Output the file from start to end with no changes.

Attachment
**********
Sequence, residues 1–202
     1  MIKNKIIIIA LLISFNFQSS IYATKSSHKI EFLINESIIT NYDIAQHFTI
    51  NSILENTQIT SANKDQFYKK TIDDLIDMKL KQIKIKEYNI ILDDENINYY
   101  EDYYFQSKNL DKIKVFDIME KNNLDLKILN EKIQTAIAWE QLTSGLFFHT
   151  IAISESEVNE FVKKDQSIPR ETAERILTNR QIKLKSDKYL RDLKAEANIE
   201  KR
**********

Sequence, residues 1–202
     1  MIKNKIIIIA LLISFNFQSS IYATKSSHKI EFLINESIIT NYDIAQHFTI
    51  NSILENTQIT SANKDQFYKK TIDDLIDMKL KQIKIKEYNI ILDDENINYY
   101  EDYYFQSKNL DKIKVFDIME KNNLDLKILN EKIQTAIAWE QLTSGLFFHT
   151  IAISESEVNE FVKKDQSIPR ETAERILTNR QIKLKSDKYL RDLKAEANIE
   201  KR